“Through its enhanced case management initiative VAC is developing a family engagement strategy to better meet the needs of families on transition to civilian life and post release.”
“VAC is working closely with DND to better integrate and cohesively manage the three (3) key elements of rehabilitation (vocational, psycho-social and medical) so that CF members/Veterans and their families achieve the highest level of independence and re-establishment into civilian life as possible.”
“As part of VAC’s normal operations, staff training needs are continuously reviewed to ensure staff has the necessary knowledge to carry out their roles.”
The Veterans Ombudsman is committed to reducing the incidence and debilitating effects of OSIs. The OVO is aware that some progress has been made by VAC in the area of mental health, but we will continue to promote an eclectic, holistic, and proactive approach to address the problem.
During the course of the year, the OVO offered two informal observations to the Department.
Complaint Handling Mechanisms
It became evident that many of the complaints received by our front line staff were issues which could easily be addressed by the Department.
The OVO reviewed the existing departmental complaint handling process and procedures. Shortly after initiating discussions with the Department, the Office was advised that VAC was in the process of developing their own internal complaint handling process. In July 2009, VAC introduced Inquiries Resolution Officers (IRO). The role of an IRO is to investigate, respond to, and make recommendations on inquiries escalated from the National Contact Centre Network (NCCN) Analysts and/or the OVO.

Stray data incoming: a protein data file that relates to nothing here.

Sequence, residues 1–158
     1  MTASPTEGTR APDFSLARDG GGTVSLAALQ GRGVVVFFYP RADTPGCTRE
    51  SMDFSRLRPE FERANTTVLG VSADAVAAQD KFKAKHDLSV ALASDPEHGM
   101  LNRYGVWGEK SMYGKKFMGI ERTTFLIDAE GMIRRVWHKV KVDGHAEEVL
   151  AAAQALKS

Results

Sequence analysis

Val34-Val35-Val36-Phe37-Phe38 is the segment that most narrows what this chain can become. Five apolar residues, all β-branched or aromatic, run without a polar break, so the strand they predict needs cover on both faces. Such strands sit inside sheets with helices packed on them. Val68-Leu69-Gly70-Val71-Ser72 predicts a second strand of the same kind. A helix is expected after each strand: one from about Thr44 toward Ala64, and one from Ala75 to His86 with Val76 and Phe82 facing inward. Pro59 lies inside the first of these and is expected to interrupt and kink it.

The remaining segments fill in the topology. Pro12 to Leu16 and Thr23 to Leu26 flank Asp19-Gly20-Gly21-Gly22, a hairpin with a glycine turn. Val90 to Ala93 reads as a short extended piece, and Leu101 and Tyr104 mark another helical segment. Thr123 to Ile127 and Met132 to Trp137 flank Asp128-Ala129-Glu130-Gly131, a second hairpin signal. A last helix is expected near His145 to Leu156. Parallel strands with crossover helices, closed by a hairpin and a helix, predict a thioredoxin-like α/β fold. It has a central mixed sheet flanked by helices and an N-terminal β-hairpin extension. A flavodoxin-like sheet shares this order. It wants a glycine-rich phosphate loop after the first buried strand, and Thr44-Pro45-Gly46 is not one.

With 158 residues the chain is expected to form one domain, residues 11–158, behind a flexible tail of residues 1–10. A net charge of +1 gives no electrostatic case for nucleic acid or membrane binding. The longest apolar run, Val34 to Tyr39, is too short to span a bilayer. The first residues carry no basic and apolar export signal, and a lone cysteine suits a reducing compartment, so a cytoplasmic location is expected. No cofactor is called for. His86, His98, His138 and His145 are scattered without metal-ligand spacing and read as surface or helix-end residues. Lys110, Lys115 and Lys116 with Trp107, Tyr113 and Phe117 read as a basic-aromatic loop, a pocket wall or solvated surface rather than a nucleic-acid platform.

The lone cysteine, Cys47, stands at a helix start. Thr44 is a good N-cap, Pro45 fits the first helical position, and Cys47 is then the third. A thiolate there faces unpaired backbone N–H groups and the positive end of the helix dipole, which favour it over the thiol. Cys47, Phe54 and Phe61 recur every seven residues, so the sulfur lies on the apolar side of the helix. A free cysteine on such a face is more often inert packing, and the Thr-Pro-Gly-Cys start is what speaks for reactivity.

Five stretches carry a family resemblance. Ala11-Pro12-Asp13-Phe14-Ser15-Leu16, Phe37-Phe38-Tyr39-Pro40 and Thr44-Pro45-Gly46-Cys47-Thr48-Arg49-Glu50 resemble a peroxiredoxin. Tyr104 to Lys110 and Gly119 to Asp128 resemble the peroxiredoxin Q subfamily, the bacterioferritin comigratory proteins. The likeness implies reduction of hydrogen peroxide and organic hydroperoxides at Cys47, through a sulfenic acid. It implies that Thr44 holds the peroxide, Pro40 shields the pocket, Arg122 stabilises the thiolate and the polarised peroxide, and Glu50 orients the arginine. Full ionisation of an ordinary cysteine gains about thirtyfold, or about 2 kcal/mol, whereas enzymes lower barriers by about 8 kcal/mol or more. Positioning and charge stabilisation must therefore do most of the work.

The OVO is most supportive of the creation of the IRO unit and is currently accessing this service and the impact that this service may have on the Office’s Early Intervention operations.
Veterans Affairs Canada’s Communication with Clients
The Ombudsman offered to the Department that their decision communication letters were more complicated than the average person could understand. These letters included legal and medical terminology which meant little to the recipient and very often led to confusion. Based on informal discussions with VAC Officials, changes were made to address this concern. New plain language letters provide stakeholders with a simplified summary. Initial feedback suggests that this has resulted in decreased confusion and frustration of stakeholders.
The OVO is very supportive of this plain language initiative, and will continue to provide feedback directly from our stakeholders.
Red Tape Investigation
A systemic review of the impact of “red tape” within VAC’s processes was launched as a result of complaints received and concerns expressed to the Ombudsman by Veterans and their families.
Through interviews with Veterans, caregivers, service providers, and employees of the Department as well as information obtained through public consultation, we identified three significant issues impacting the everyday lives of Veterans: complex administrative processes, timeliness of decisions, and workload allocation.
Since launching our review, the Department has initiated a pilot project with the intent of improving the effectiveness of their administrative processes. The Department has advised that the pilot project was a success and changes would be made nationally effective April 1, 2010.